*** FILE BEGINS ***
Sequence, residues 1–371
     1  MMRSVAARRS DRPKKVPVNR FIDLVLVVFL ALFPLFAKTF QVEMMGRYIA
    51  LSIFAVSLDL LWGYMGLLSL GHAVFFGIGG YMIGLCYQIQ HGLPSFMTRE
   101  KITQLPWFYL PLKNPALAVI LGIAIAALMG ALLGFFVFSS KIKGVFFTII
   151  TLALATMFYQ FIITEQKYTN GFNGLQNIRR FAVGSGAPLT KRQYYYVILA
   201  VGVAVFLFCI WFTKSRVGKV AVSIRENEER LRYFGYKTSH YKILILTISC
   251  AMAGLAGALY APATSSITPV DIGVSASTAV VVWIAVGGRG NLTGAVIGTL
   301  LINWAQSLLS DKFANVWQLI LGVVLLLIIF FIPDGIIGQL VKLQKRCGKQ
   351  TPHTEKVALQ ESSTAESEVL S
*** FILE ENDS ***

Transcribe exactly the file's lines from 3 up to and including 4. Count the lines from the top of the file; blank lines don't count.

    51  LSIFAVSLDL LWGYMGLLSL GHAVFFGIGG YMIGLCYQIQ HGLPSFMTRE
   101  KITQLPWFYL PLKNPALAVI LGIAIAALMG ALLGFFVFSS KIKGVFFTII